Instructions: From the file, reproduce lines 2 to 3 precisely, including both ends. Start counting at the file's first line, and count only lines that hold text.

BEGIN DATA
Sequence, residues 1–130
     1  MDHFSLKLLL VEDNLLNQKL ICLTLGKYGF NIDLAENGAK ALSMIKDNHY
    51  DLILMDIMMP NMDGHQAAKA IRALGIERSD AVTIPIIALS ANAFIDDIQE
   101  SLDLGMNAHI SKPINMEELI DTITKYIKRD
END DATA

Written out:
     1  MDHFSLKLLL VEDNLLNQKL ICLTLGKYGF NIDLAENGAK ALSMIKDNHY
    51  DLILMDIMMP NMDGHQAAKA IRALGIERSD AVTIPIIALS ANAFIDDIQE